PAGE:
Local Author Lisa Racioppo Talks Park Slope, Street Gangs, And The Good Old Days Of Brooklyn In The 1980s

Local Author Lisa Racioppo Talks Park Slope, Street Gangs, And The Good Old Days Of Brooklyn In The 1980s
Lisa Racioppo
Author Lisa Racioppo. (Courtesy of Lisa Racioppo)

Memoirist Lisa Racioppo has a lot to say. Park Slope born and bred, Racioppo has just released a memoir entitled From Brooklyn and Back Again and will be giving readings in the coming months to support to the book’s launch. With humor and candor, Racioppo remembers bakery heists gone wrong, childhood games of skellsey (also referred to as “skully” and other terms), and the grit of brownstone Brooklyn in ’70s and ’80s.

PSS: Much of your book might be described as a fond look back on the Brooklyn of the ’70s and ’80s. Is there anything you don’t miss about that era?

Lisa Racioppo: What drove me away from Brooklyn, when I was growing up in ’70s it was dangerous. There was absolutely guns and violence. I didn’t see the beauty until I came back. The local neighborhood feel. Brooklyn is a little bit different than the city, it’s homey. The people are entrenched in the neighborhood — people who have been there 50 or 60 years. It still feels very provincial to me. That can be a blessing and a curse depending on how worldly you are. But it’s always been a place for me to come home to.

Many of the places and people you discuss in this memoir are long gone — but I imagine a few are still around? Do you still visit any of your old haunts?

I still do reconnect with old friends, but I don’t visit many old places — we spent a lot of time outdoors. Prospect Park is more the icon for me — we spent a lot of time in the park. Some of my most fond memories are the old playground, with the metal swings [before Harmony Playground was built]. I recently went to find a hidden spot. When I was growing up, we would go past fences behind the ballfield. There was a waterfall, and it was just this secluded area. That’s where we would hang out, that’s where we would talk. I couldn’t find it anymore — I don’t know if my memory is going or if they redid it.

Froom Brooklyn And Back Again
Image via Lisa Racioppo

Tell me a little bit about the other memoirs that served as inspiration for this book. When you were putting together your story, what were you reading?

There are a couple of authors that inspired me. I don’t know that I would consider David Sedaris’ books to be memoirs, but when I started this project I thought of it as a collection of stories. I was in Kansas City, stuck there because of a tornado. I was in the airport and I saw Me Talk Pretty One Day, and I just laughed out loud from the beginning of the my flight all the way through. I just found that he was able to convey genuine truth in such a candid fashion, to be able to take some dark situations and show them in the light of humor. When I started to write I really thought about that type of technique. As I wrote the book, I also read Elizabeth Gilbert’s writing — I thought she was very approachable, and I like that type of honesty and message.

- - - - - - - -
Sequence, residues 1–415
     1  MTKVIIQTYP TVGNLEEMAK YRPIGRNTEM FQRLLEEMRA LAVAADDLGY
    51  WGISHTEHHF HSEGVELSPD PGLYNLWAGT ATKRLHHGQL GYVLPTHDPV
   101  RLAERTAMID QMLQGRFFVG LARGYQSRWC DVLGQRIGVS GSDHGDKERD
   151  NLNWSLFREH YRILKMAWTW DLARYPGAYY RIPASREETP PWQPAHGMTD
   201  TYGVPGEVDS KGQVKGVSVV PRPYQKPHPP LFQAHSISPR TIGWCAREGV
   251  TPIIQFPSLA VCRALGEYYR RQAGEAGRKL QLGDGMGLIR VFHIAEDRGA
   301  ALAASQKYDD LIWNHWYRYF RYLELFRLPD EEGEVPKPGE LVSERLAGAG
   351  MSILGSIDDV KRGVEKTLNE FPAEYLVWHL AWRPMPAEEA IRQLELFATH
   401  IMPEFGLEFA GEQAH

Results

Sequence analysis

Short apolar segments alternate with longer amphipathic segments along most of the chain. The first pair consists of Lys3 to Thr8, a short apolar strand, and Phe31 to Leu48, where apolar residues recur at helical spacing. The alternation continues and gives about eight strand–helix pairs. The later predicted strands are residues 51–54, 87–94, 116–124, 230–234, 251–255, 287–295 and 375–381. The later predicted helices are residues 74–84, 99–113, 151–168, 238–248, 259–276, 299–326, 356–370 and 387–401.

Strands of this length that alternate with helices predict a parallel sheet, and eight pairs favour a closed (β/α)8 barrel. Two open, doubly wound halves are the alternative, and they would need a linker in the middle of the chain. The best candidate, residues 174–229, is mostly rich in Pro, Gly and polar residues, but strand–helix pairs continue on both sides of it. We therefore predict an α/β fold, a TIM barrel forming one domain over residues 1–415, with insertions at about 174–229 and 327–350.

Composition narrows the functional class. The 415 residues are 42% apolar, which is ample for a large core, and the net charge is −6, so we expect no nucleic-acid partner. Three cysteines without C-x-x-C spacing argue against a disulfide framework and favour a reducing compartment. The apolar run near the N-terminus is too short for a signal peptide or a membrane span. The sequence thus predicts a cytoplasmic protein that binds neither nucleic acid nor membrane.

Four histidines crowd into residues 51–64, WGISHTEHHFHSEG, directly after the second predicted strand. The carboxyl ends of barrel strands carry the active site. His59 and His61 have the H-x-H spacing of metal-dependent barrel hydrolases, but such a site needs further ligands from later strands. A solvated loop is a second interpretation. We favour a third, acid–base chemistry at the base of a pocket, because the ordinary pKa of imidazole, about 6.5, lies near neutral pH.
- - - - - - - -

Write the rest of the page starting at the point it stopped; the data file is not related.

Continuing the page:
What qualities do you think you learned growing up in Brooklyn? You’re in advertising, so if you had to boil it down to a tag, how might it read?

If I can to boil it down, I feel like a have a relentless spirit, and I believe that the culture that I grew up in, a modest household had a lot to do with it. Park Slope today is not as modest an area. One of the passions I developed from that time was writing — it didn’t cost anything and we always had pens and paper. I think growing up with very little enabled me to think outside of the box, to create.

What would you like to make sure is preserved in the neighborhood?

A sense of being modest. Family and neighborhood is much more important than anything else. Banding together for things you believe in. For example schools, my parents were very involved. In order to make sure the community remains a strong one. Just not losing that. My parents became very upset when the “the yuppies” moved in. They felt that although the property values went up, it lost a part of the authenticity of what Brooklyn was. Now they’re happy — it’s blended. Feeling safe there, feeling that Park Slope was a place that was their own, where kids could actually play outside. A Tree Grows In Brooklyn meant a lot to me growing up. We had space compared to Manhattan.

Lisa Racioppo’s From Brooklyn And Back Again is now available for purchase.


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